General characteristics according to sex are shown in Table 2. Men made up 42.7% of the study population, and the mean age was 50.4 yr for men and 49.2 yr for women. Most of the subjects had a manual job (88.8% for men and 71% for women), and these jobs included farmer, craftsman, laborer, or employee of a store. Men had a higher level of education than did women. Approximately half of the men were current smokers, whereas only a few of the women were current smokers (1.86%). Approximately 70% of the men and 40% of the women were current alcohol drinkers. The average BMI was 25 kg/m2 for both men and women. The total PWI-SF score was significantly higher in women than in men (16.0 for men and 20.1 for women).

Table 2
General characteristics of study subjects

Table 3 shows the distribution of the subjects by their types of physical activity. Men reported significantly higher levels of all types of physical activities than did women (14.2 MET-hours/day for OPA in men and 10.9 MET-hours/day in women; 13.6 MET-hours/week for LTPA in men and 8.05 MET-hours/week in women). Within each type of physical activity, the intensity and duration of time in OPA and the duration of time in LTPA were significantly different by sex. The proportion of subjects with an LTPA score of at least 22.5 MET-hours/week was 18.8% (n=44) for men and 10.9% (n=35) for women.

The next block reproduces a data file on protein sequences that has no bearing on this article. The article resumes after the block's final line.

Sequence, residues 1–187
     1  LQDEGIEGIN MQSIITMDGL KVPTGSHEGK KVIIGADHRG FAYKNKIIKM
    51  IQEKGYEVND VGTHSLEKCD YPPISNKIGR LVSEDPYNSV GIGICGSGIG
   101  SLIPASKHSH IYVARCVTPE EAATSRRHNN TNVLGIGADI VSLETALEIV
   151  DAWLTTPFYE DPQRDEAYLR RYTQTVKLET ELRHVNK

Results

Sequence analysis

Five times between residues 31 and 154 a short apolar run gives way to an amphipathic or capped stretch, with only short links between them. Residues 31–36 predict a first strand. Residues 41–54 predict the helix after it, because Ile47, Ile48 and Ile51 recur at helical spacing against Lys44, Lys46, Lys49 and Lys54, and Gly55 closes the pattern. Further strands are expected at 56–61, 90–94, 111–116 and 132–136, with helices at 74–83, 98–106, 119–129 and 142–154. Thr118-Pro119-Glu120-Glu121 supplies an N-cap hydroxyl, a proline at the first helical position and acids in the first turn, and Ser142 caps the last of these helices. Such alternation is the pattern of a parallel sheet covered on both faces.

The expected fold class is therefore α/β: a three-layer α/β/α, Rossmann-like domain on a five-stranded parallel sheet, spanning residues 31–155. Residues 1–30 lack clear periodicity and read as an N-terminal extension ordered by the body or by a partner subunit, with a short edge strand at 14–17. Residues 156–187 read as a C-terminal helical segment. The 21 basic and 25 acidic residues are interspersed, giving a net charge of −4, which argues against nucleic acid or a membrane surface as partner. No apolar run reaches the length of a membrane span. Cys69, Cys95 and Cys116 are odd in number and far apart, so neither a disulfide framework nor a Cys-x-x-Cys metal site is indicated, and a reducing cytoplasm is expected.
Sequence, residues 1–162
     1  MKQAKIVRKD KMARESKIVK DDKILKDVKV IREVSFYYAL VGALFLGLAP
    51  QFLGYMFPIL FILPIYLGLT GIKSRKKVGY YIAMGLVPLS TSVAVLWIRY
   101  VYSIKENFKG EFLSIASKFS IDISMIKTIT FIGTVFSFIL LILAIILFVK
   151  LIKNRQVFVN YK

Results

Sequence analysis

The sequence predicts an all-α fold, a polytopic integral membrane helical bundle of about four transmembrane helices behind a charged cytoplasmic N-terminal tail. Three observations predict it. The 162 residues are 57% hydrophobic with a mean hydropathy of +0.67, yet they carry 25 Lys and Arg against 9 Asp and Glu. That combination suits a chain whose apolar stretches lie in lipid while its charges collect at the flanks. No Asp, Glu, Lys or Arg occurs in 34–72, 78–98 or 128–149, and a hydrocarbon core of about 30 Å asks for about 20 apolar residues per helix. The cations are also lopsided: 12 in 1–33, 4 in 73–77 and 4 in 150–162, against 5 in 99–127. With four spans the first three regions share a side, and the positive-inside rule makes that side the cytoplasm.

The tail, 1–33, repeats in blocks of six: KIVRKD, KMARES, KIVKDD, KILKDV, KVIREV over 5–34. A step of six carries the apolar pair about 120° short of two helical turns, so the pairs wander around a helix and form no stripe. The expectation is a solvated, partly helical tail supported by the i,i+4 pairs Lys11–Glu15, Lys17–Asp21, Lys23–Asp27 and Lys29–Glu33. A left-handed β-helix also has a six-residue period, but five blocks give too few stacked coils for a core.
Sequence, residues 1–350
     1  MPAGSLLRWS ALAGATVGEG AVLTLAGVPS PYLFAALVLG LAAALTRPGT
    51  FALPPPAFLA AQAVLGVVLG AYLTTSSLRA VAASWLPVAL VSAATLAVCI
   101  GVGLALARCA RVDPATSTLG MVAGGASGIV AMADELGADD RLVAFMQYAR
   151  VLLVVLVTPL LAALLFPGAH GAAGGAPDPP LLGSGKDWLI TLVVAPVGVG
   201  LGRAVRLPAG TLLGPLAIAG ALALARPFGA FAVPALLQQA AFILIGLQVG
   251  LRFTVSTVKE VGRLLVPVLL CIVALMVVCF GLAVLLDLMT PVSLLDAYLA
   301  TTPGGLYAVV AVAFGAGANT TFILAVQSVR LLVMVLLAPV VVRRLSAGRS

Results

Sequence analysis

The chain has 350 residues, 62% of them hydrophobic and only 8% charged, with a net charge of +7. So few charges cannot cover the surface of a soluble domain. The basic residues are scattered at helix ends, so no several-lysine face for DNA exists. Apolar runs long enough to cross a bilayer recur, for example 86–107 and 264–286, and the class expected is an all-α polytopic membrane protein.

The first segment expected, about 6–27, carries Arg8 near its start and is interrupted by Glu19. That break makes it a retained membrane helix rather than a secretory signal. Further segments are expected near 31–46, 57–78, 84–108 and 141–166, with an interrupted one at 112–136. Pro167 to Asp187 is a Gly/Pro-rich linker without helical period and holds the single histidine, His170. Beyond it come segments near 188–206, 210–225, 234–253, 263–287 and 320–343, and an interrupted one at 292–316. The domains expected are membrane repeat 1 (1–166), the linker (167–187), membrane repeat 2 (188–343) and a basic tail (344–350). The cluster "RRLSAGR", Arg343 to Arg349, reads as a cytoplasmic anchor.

Table 3
The distribution of subjects by the type of physical activity

The potential confounding factors for the relationship between total PWI-SF and physical activities were examined. In general, a manual job and lower education level were related to an increase of the TPA, intensity for OPA, and time for total OPA, and to a decrease of LTPA. Family disease history had a negative relationship with duration of time in severely intensive OPA in men (p for trend <0.001) and a positive relationship with the duration of time in LTPA in women (p for trend=0.04). BMI was positively related to the exercise status and duration of time in LTPA in women (p for trend=0.02). There was a negative relationship between OPA and LTPA.